The new team instituted management practices that had worked at their pioneering Emeryville, Calif, start-up. They launched a “story trust” of directors who consult on one anothers’ projects, rebooted a defunct short film program to spur innovation and eliminated layers of executives a filmmaker needed to hurdle to get to the studio chief.
Perhaps most significantly, they told artists and animators accustomed to a studio-wide culture of avoiding risk that failure was an inevitable part of trying something new.
Read the full story of Disney’s efforts for its in-house animated studio to once again top the box office over at Movies Now.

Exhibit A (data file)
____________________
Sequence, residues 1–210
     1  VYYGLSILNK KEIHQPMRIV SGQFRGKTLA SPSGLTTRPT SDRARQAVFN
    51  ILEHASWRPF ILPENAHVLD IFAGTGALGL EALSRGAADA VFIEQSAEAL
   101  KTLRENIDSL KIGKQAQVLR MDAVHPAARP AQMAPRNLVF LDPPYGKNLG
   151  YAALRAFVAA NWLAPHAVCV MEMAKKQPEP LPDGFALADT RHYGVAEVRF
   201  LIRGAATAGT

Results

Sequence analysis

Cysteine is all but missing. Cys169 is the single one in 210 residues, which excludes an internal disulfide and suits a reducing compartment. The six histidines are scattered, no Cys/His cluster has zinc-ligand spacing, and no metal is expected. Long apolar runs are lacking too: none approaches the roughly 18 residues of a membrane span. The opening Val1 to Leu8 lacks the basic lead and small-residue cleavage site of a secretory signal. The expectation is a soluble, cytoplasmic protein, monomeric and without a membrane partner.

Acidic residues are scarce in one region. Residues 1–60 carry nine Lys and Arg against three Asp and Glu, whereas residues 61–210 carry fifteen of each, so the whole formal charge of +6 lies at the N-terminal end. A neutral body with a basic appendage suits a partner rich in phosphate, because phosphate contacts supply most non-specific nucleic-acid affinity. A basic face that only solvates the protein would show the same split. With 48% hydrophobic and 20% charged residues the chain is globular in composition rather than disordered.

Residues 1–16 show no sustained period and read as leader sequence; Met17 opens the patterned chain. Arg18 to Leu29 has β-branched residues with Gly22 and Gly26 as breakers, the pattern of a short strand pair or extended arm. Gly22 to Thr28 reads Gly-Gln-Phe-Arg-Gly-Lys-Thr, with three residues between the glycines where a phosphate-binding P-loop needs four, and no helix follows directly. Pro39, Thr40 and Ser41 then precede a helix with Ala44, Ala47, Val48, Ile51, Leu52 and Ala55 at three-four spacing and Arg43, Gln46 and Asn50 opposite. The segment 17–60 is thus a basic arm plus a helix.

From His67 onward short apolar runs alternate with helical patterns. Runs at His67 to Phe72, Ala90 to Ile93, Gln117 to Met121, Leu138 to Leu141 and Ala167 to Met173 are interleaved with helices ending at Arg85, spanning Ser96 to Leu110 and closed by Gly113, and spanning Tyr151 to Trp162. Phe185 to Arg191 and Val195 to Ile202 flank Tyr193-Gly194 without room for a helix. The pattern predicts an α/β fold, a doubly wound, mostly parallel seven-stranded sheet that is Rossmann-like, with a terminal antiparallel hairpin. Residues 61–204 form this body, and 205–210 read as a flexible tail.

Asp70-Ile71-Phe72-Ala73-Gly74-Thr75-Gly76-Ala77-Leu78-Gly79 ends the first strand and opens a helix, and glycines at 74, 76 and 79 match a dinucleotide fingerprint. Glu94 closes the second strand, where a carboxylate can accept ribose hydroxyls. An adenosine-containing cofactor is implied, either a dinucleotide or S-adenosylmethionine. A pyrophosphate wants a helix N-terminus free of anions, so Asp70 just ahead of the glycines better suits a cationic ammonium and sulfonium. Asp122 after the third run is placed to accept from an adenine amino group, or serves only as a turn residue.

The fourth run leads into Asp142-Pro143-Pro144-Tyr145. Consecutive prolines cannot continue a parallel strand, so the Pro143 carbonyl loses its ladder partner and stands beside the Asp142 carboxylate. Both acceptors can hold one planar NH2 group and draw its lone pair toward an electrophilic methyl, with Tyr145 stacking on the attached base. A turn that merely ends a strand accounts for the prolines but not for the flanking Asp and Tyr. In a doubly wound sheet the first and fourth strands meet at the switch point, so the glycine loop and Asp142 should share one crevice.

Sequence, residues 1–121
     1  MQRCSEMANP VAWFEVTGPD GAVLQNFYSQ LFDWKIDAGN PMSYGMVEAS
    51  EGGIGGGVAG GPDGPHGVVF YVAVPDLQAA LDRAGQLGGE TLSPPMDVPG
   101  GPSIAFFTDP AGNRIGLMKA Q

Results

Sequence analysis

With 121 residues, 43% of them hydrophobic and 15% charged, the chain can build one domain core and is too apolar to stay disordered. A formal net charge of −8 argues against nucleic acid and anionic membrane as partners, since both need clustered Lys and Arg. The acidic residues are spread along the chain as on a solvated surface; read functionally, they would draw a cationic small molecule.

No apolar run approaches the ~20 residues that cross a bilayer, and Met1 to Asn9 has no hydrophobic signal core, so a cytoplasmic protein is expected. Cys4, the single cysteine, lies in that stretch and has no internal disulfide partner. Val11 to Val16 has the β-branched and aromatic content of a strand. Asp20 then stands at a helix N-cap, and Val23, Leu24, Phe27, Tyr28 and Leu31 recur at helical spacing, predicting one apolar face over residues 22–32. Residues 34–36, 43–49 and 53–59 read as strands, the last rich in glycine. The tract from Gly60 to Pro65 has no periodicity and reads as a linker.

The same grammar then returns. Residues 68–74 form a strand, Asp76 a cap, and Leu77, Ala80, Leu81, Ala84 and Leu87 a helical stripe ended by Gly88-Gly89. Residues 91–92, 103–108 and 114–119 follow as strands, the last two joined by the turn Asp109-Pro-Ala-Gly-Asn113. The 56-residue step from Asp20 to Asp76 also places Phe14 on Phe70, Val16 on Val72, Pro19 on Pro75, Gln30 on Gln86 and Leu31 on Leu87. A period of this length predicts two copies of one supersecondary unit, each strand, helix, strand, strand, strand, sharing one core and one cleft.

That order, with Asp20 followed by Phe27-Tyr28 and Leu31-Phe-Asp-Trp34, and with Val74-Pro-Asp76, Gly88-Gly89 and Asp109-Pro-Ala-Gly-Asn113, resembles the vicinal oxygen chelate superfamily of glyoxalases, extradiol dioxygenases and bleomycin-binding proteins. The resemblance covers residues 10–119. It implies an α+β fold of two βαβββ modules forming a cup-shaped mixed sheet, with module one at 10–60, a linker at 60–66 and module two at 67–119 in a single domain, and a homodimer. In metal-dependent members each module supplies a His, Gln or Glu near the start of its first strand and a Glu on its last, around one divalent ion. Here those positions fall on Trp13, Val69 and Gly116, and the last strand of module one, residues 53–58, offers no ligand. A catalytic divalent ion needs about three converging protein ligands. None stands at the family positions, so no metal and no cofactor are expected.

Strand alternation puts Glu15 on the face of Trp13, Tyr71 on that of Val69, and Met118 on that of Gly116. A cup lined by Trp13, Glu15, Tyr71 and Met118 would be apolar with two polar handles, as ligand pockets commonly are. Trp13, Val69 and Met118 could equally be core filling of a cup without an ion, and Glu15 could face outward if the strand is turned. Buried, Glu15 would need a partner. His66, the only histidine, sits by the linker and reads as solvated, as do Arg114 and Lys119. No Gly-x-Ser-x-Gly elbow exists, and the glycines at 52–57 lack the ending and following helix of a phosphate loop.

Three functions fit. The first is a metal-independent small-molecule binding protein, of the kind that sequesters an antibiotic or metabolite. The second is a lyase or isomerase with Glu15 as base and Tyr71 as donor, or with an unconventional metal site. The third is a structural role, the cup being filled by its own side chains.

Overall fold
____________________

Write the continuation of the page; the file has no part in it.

Ray Harryhausen, stop-motion master, passes away
Special effects maestro Ray Harryhausen died today at the age of 92. One of the earliest masters of his craft, Harryhausen was the longstanding king of stop-motion animation, with his work defining films like “Jason and the Argonauts” and “Clash of the Titans.”
From our obituary for Harryhausen:
In the pre-computer-generated-imagery era in which he worked, Harryhausen used the painstaking process of making slight adjustments to the position of his three-dimensional, ball-and-socket-jointed scale models and then shooting them frame-by-frame to create the illusion of movement. Footage of his exotic beasts and creatures was later often combined with live action.
Photos: L.A. County Museum of Art, Peter Macdiarmid, Hulton Archive / Getty Images
Scouting the Sierra for movie backdrops